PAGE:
One week after deadly barrage, South braces for another wave of severe thunderstorms, tornadoes
The Storm Prediction Center, by Sunday afternoon, had already received at least 18 reports of hail in parts of central and southeastern Texas and at least 19 reports of high winds in Texas, central Alabama, Georgia and South Carolina.
According to weather.com, the severe-weather threat should end by midday Monday, except for some isolated thunderstorms that may linger. Much of the South can expect 1 to 3 inches of rain through Monday. The central parts of Louisiana, Mississippi, Alabama and Georgia are most likely to get more significant rainfall totals.
The National Weather Service said flash floods are expected in the Lower Mississippi Valley and in parts of the Southeast.
Easter outbreak: Tornadoes sweep across the South, leaving at least 30 dead
Last week during Easter Sunday, a series of tornadoes swept through the South. It was the worst outbreak the U.S. has seen in six years, since April 2014, when 35 people were killed in the central and southern U.S., the Storm Prediction Center said.
In last week’s barrage, more than 100 reported tornadoes left at least 36 dead across Mississippi, South Carolina, Georgia, Louisiana, Tennessee and North Carolina.
Coronavirus updates: Get the latest news and information on the COVID-19 pandemic
The timing of the storm threat is only complicated further as the U.S. continues to battle the coronavirus outbreak that has infected more than 735,000 and claimed the lives of almost 40,000 nationally as of Sunday morning, according to the John Hopkins University Data Dashboard.
“Do not let the virus prevent you from seeking refuge from a tornado,” the American Meteorological Society said April 9 in a statement. “If a public tornado shelter is your best available refuge from severe weather, take steps to ensure you follow CDC guidelines for physical distancing and disease prevention.”
Contributing: Jessica Flores, USA TODAY; Giacomo Bologna, Wilton Jackson and Sarah Fowler, The Clarion-Ledger (Jackson, Miss.).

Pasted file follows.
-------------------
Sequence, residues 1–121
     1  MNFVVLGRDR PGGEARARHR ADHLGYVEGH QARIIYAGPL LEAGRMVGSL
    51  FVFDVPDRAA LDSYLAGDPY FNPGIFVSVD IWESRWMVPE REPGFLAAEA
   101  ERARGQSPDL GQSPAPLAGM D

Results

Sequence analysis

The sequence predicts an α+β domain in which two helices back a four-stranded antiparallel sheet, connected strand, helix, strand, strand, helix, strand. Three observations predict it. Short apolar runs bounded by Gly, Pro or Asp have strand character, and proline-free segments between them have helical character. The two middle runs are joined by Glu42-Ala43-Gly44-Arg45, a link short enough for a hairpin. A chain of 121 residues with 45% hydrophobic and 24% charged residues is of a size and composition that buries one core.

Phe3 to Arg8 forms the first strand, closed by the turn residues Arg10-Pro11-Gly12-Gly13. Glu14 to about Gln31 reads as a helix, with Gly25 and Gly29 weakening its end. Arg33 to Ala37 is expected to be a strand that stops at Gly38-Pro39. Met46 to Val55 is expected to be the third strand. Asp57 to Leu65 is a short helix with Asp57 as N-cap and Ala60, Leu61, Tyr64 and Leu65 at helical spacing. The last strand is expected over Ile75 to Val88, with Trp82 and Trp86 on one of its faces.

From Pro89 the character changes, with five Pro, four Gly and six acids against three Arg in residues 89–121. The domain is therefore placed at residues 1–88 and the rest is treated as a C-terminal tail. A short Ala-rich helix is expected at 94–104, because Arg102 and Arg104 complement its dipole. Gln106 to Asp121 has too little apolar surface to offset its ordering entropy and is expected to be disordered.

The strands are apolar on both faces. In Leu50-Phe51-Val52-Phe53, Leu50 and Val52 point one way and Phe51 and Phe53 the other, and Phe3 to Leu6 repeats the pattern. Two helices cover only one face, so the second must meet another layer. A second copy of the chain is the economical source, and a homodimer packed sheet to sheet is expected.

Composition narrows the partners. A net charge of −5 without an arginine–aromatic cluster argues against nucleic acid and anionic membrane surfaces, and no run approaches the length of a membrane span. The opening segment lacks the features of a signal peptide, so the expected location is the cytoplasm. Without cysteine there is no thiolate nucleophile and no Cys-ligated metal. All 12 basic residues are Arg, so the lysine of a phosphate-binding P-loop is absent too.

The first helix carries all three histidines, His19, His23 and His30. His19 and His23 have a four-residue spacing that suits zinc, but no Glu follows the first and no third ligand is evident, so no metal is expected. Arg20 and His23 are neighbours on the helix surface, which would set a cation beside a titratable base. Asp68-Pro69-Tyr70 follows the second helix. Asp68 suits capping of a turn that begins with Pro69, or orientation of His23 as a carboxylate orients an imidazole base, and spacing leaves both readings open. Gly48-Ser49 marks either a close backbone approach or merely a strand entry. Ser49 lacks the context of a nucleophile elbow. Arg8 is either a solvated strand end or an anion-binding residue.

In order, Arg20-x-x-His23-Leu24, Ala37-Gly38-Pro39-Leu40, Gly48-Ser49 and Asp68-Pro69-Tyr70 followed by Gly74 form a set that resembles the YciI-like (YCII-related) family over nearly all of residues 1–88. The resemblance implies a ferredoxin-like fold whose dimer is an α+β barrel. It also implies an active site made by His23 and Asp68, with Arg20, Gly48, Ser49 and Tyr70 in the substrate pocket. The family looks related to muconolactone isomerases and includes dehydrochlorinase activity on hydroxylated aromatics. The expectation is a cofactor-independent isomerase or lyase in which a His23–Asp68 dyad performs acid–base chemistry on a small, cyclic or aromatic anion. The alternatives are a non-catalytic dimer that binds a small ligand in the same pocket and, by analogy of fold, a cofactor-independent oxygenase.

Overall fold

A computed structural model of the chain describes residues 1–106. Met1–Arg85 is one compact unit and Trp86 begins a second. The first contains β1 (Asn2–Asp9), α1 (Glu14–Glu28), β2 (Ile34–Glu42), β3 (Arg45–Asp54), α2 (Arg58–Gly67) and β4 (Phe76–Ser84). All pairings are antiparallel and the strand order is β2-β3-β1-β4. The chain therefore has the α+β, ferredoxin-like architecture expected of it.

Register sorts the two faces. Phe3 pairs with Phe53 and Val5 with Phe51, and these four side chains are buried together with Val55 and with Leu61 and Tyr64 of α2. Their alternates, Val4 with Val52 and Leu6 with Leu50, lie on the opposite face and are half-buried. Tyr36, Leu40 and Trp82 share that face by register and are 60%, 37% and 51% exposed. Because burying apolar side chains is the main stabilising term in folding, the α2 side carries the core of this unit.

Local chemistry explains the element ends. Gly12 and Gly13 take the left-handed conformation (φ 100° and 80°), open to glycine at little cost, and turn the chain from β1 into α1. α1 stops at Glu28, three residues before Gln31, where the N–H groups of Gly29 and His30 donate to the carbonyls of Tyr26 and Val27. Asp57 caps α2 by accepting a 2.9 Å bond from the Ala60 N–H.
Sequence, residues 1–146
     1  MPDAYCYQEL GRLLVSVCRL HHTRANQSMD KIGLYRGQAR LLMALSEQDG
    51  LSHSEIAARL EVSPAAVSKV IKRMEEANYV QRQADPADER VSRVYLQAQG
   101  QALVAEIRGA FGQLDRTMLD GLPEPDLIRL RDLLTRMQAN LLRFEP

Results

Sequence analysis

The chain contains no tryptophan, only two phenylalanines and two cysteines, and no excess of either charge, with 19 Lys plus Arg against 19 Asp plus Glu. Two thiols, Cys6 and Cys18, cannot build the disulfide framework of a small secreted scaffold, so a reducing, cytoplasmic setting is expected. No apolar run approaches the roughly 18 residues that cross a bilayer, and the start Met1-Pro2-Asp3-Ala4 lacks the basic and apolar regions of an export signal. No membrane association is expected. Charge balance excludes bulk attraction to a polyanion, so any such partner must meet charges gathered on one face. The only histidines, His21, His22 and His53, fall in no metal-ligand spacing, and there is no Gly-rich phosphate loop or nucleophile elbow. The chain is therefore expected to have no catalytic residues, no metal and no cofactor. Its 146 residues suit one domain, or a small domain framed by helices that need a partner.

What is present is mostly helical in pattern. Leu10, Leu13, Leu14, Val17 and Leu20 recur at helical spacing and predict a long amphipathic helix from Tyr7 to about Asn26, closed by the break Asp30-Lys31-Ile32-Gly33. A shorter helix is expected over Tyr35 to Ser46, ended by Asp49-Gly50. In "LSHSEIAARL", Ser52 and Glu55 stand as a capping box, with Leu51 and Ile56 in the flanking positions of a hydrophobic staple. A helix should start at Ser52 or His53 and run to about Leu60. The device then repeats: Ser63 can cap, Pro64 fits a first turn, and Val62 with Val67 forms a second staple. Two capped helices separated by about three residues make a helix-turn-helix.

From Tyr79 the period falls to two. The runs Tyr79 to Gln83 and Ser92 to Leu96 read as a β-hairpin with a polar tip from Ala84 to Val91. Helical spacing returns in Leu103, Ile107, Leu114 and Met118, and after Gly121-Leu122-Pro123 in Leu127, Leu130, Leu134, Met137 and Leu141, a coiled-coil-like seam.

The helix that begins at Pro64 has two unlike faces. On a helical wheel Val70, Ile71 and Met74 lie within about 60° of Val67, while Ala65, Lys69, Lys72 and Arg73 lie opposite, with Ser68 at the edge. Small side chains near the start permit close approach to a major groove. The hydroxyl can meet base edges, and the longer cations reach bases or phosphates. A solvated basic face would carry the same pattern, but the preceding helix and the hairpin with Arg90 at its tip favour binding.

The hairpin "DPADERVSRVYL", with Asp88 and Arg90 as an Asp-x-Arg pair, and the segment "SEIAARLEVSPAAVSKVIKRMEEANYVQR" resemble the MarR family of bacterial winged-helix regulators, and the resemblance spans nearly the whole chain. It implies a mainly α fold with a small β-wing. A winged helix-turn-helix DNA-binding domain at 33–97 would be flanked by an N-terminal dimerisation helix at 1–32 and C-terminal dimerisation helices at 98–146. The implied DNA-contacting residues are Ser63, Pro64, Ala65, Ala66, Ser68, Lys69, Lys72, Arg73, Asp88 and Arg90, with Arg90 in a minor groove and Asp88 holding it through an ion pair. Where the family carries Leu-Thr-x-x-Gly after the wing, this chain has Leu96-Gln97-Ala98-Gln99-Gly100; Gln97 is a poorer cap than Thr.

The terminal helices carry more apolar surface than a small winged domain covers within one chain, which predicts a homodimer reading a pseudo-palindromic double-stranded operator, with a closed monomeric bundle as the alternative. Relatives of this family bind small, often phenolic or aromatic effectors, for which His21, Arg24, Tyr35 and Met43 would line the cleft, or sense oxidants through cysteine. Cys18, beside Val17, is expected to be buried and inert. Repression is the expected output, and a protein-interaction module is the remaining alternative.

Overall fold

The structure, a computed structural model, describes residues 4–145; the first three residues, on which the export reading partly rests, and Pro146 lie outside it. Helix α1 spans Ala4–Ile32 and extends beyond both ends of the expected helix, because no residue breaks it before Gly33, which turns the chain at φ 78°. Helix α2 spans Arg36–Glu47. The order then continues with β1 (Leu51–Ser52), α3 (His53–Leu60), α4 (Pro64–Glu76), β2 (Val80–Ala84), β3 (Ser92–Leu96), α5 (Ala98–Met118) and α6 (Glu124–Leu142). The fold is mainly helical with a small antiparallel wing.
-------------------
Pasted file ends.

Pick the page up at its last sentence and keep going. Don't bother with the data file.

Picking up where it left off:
This article originally appeared on USA TODAY: Weather forecast storms: South braces for thunderstorms, tornadoes
MONTGOMERY, Ala.— High winds, hail and heavy rain pounded parts of Alabama on Sunday, as forecasters warned residents to brace for possible tornadoes and flooding across a wide swatch of the southern United States.
Tornado watches covered a swath of east Texas and large parts of Louisiana and Mississippi on Sunday afternoon. More than 24,000 customers were without electricity early Sunday, according to www.poweroutage.us.
It was the second Sunday in a row that the South was hit with severe weather.
Four Alabama counties were under a flash flood warning because of heavy rain: Bibb, Chilton, Coosa and Shelby, the National Weather Service said. High winds had uprooted trees and left blankets of hail on the ground in some areas, the National Weather Service reported.
“Two to three inches of rain has already fallen and an additional one to two inches is possible,” the agency said on its website.
A second wave of storms was expected to develop Sunday afternoon and bring the risk of strong tornadoes into the evening, the National Weather Service said. Large twisters were a possibility for parts of Louisiana, Mississippi and Alabama.
A zone from the Texas-Louisiana line that extends eastward across the southern parts of Mississippi, Alabama and into Georgia will be at greatest risk of severe weather and tornadoes, the national Storm Prediction Center projected. The area is home to more than 5 million people and includes cities such as Jackson, Mississippi; Montgomery, Alabama; and Macon, Georgia.
A swath of damaging winds and a continued tornado threat will also extend across Georgia and parts of South Carolina through Sunday night.
The storm threat comes a week after Easter storms pounded the Deep South. The National Weather Service said more than 100 tornadoes struck the South that Sunday and Monday. Officials said at least 36 people were killed in the two-day outbreak of storms.